Siyo Oginali Wado for this great essay! While I am not a twospirit ,I too believe that acceptence of and re-intigration of two spirit people into our society is essential to the recovery of the harmony of all our people. I live in NE Oklahoma and have found it encouraging to see more open twospirits taking part in dances and ceremonies.I have yet to see any adopt the others clothes but have seen several participate in cross gender activities.I believe your comments on pre-colonializing (Round here we refer to it as de-Yoneging) our selfs to be pertinant to all Cherokee folks. Again Wado an Happy Trails, Jisdu

Posted at: June 22, 2008 4:17 PM

ᏉᎵ said:

ᏏᏲ ᎣᎩᎾᎵ! ᏩᏙ for your comment. So glad to hear from another Cherokee supportive of 2spirit folks. And I *love* the term "de-Yoneging." ᏩᏙ for that!


Posted at: July 13, 2008 3:25 PM

Candygirl said:

I'm a non-Cherokees and non-Two-Spirit person, but I must say I enjoyed just sitting, watching and listening as you sing and shell shake. Very interesting experience. Tnx :)

Posted at: September 8, 2008 8:04 PM

Man said:

Good post! Very interesting experience. Thanks :)

Posted at: October 22, 2008 8:08 AM

dAft said:

as a two-spirit native jew i found myself telling everyone about shell-shaking. it shapes my metaphor when i preach gender preach. baruch hashmah.

Posted at: March 15, 2009 7:57 AM

Patrick Boone said:

I am almost ¼ Cherokee my granddad was almost full on my mother’s side. I am as I know it to be two spirited. I very much agree that America’s balance has been disrupted. In an odd way I feel my granddads blood is calling me to find out more and restore balance in my beautiful to be America. I know very little about Cherokee ways. I need inner peace. My granddad loved me very much and he died when I was 15. They took my granddad away when he was a small child. They sent him to school and college. He Converted to Christianity but he still had some of his Cherokee beliefs. I remember him doing stuff when I was a kid. I want to learn as much as I can about Cherokee spiritual beliefs. I want to relate them to modern day America. I feel many Native spirits still thrive in the America we now live in. If you know the tradition about bringing people from other tribes to the Cherokee tribe. I would very much like to know about them.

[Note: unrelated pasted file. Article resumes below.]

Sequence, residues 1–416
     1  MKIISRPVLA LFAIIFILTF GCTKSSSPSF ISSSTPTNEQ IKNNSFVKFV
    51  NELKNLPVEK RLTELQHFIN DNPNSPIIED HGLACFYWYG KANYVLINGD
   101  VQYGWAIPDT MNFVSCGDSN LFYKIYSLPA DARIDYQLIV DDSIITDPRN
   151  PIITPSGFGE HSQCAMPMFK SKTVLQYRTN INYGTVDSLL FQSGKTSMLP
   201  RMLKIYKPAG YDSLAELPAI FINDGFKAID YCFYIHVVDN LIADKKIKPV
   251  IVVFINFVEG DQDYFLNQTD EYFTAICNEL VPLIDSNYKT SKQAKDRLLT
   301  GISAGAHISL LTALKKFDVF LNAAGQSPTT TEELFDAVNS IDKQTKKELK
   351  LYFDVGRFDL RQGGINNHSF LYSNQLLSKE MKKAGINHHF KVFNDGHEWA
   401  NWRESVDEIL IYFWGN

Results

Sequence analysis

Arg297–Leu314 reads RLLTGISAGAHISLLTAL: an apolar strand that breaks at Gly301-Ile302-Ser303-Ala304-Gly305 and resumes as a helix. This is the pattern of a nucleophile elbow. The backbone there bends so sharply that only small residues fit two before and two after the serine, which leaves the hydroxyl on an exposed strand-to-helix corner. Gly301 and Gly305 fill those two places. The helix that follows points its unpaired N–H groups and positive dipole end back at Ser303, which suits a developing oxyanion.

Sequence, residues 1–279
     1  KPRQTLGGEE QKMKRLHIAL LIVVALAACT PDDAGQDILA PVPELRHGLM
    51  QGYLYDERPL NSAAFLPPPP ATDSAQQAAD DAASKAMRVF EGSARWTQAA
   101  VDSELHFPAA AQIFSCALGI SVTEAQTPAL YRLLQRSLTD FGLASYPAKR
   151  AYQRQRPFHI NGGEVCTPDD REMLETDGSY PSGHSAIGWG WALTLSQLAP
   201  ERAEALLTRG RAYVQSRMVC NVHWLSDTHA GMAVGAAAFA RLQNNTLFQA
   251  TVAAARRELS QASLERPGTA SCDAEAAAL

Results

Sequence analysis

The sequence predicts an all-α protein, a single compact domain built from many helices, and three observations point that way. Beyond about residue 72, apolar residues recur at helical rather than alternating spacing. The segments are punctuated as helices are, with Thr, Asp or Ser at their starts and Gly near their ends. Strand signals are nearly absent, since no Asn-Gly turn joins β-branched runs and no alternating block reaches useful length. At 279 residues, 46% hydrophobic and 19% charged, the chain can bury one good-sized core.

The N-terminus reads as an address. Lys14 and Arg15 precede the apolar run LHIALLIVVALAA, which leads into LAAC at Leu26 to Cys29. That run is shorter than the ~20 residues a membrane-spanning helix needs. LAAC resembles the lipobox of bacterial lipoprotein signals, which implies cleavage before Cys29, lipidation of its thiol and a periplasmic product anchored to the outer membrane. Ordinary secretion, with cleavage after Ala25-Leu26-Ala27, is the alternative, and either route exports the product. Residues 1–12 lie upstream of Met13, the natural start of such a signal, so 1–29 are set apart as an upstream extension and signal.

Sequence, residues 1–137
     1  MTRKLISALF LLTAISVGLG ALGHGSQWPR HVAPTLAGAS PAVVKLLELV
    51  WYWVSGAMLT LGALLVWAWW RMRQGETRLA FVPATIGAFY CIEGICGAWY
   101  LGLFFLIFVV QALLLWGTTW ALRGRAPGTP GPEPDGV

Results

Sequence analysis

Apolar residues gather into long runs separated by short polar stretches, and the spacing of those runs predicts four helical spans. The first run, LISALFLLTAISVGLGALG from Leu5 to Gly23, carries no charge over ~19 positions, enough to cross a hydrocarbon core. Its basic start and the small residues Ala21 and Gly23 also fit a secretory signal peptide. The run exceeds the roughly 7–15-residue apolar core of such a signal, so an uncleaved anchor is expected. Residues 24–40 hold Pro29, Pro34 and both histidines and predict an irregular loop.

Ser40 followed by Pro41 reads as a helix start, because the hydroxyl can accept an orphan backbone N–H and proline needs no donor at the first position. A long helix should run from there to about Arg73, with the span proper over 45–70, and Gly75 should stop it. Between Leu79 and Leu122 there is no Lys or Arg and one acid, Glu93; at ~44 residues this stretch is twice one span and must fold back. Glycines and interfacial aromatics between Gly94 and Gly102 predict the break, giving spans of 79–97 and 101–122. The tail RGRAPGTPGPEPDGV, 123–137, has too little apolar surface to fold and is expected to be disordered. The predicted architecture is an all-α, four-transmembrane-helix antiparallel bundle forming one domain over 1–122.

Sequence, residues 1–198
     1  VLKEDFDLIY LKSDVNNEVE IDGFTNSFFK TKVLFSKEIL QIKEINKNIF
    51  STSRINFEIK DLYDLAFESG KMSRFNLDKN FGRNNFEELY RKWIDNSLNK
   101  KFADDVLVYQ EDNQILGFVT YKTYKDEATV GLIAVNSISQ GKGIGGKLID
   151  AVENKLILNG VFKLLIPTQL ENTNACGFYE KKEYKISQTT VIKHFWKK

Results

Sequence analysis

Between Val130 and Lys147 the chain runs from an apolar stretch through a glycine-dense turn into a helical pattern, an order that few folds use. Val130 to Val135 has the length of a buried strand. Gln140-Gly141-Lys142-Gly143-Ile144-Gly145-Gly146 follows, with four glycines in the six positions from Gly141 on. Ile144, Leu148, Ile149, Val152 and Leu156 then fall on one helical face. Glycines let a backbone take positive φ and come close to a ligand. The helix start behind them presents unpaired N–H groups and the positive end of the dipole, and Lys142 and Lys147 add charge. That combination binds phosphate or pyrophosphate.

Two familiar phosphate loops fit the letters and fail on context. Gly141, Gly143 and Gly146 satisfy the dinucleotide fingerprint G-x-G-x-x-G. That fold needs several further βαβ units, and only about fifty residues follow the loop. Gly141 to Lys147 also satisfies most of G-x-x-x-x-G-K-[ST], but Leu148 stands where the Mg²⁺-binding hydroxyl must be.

Posted at: March 26, 2009 12:03 AM

Qwo-Li said:

There's a proofreading error here--I want to make clear that I meant to write "Further, many Cherokee Two-Spirits (like most Cherokees) are Christians." not "Further, Cherokee Two-Spirits (like most Cherokees) are Christians."

My apologies!


Posted at: April 23, 2009 9:36 PM

Trevor Hoppe said:

Fixed it, hon! xoxo

Posted at: April 26, 2009 12:52 AM

Qwo-Li said:

Wa'do sugar!

Posted at: April 27, 2009 12:43 AM

Mike Dart said:

Wa-Do!!!!! Awesome article. Touched me very deeply. I am a Cherokee two spirited person, and I believe that in order to restore complete balance to our earth mother, the roles of the Two Spirited person must be restored. The two spirit concept is fairly new to me: Growing up in Northeast Oklahoma it was just "being gay" and I tried for years to keep that part of me hidden. Even after I quit hiding and "came out", and began to hear the term "two spirit" and began to learn a little about it, I didn't really think of myself that way. I still thought of myself as a "man who is attracted to other men". But the more I have become involved in our Ceremonial Ground, the more I am realizing that I am two spirited: I am naturally drawn to do things that are traditionally the role of the woman. Then i look at my life, and it is the same thing: I am an artist, and I make baskets, which there are "straight" men who weave baskets, however it is and from my research has pretty much always been the domain of the Cherokee woman. And it is like that in other areas as well, and the more I think back, I realize it has always been that way. The past couple of years its kind of been like a second "coming out" I have yet to shake shells, and am nervous about doing that because so many people around here are so conservative and I don't want to offend anyone. But maybe one of these days....

Didn't mean to type all that. Just wanted to say what a great article this was, and how much it touched my heart.

Mike Dart
Cherokee Artist

Posted at: August 9, 2009 9:49 AM

ToTiDi said: